When the Ministry of Finance announced a 38 to 50 per cent hike in fuel prices on July 6, riots exploded in the capital and other cities, until the government rescinded its decision the next day AlterPresse b. If the government reinstates those measures to honor its agreement with the IMF, it will probably drive recurrent social protest and political instability. The government may instruct the National Police to control those protests, further pressuring the HNP to deliver security services within a very restrained fiscal context. These factors combine to provide an environment that may not be conducive to 2GSSR in Haiti in the near future.

This article provides support for some of the concerns expressed by Rehmonco. It underscores the risk that a strengthened HNP could become the guarantor of an unjust political and economic order. Second, we have seen how different Haitian actors have used that space to advance their own interests. CSOs are also pushing for reforms in the justice system, yet they lack the power or support of politicians and magistrates at the apex of the system. What does that mix of change and continuity imply for the debate on 2GSSR? In sum, it suggests that while it is too early to pronounce the consolidation of 2GSSR in Haiti, it is also too soon to pronounce its death.

Edited by Gordon L. Clark, Alicia H. Munnell, and J. Michael Orszag

Yet even there, second-generation reforms coexist with a tendency to privilege a tough-on-crime and social protest approach while treating accountability, community policing and gender equality as public relations exercises. It confirms the view of 2GSSR optimists that there is margin for maneuver, for reformers and even for actors pursuing transformative changes, in relatively enabling contexts like Haiti, Sierra Leone and Timor Leste, where there is no war and where liberal democratic politics endure — at least formally.

In those contexts, what seems to exist in practice are variants of the biopolitical control strategies evoked by Duffield Much remains to be researched with regard to SSR across the spectrum of situations from relatively permissive contexts like Haiti to much more restrictive contexts like Syria. In Haiti, there is a need for continued research on dynamics within the HNP, as well as between the police and other key actors — from the executive and key members of parliament, to the justice system, the army and the private sector.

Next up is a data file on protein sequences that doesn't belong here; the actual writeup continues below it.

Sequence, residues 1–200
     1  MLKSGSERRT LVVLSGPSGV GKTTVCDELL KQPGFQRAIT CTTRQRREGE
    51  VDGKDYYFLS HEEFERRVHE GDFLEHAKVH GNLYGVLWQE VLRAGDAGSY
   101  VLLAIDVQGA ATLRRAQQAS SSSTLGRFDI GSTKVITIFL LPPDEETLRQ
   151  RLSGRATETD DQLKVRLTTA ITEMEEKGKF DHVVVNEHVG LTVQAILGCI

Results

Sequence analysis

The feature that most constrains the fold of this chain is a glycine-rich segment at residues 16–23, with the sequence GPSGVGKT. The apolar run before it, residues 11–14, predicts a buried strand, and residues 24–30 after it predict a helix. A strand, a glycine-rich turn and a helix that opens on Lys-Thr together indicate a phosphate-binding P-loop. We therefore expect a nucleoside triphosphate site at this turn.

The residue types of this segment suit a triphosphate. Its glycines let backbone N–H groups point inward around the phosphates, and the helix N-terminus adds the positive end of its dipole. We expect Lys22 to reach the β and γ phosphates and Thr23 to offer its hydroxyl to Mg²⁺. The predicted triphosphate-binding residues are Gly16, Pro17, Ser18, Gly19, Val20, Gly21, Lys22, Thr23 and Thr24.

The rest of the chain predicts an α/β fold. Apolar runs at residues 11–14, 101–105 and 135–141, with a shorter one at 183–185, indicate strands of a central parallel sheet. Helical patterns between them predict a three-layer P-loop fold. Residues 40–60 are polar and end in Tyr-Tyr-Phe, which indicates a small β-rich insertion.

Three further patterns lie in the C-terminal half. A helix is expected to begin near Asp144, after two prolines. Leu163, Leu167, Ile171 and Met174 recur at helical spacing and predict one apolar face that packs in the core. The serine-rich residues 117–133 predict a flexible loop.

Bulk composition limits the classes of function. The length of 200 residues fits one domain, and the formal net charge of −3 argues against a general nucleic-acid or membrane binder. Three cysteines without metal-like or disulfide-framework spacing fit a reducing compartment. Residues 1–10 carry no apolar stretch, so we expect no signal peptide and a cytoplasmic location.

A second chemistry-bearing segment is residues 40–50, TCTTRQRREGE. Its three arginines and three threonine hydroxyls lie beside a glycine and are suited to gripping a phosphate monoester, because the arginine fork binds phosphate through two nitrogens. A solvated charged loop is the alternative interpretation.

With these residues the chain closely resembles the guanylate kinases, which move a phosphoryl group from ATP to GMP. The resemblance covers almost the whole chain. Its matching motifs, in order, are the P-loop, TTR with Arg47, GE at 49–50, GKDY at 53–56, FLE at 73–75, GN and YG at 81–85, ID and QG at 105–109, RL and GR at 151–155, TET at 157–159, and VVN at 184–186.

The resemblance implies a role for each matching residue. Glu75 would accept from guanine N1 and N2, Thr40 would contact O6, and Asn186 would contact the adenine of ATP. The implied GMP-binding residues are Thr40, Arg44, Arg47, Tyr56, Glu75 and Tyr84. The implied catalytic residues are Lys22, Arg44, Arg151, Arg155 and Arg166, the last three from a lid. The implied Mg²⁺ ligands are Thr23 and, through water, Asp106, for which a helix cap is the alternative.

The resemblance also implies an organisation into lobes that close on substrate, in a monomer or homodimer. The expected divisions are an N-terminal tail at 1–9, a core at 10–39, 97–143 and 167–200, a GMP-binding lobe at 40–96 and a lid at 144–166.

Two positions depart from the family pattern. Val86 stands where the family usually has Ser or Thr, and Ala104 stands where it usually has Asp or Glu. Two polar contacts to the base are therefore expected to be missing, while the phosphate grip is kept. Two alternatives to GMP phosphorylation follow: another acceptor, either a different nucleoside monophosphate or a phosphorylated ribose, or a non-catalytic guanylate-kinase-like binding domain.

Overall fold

Our fieldwork in the North, Northeast and South departments underlined the importance of studying such dynamics beyond Port-au-Prince. Updated polling of public opinion on these issues would complement deeper field research on micro-social dynamics. At the global level, there is also a need for grounded, comparative research on a variety of cases. To foster knowledge accumulation, it would be useful for case studies to engage with the critical institutional framework used in this paper. Where theorizing is less valued, it would be helpful to at least situate case studies on the spectrum of permissive to restrictive environments as well as of conservative to transformative SRR outcomes.

It would be useful to more systematically compare the forms of 2GSSR emerging in different environments and to revisit the f actors that explain varied SSR outcomes. Such grounded research and systematic comparison may sharpen our collective understanding of what kind of 2GSSR is possible or not is distinct fragile and conflict-affected states and situations. Ball, N and Van de Goor, L. The challenges of supporting effective security and justice development programming.

Introduction

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Canadian Journal of Development Studies , 31 3—4 : 48— Fragile premises and failed states: A perspective from Latin America. Canadian development report Ottawa: North-South Institute, 69— Berg, L-A. All judicial politics are local: The political trajectory of judicial reform in Haiti. Inter-American Law Review , 45 1 : 1— The rule of law, security-development and penal aid: The case of detention in Haiti.

Smoldering Embers: Long and Unending Wait for Justice for the Disappeared in Panjab: 2

Punishment and Society , 15 5 : — Burt, G. From private security to public good: Regulating the private security industry in Haiti. Waterloo: CIGI.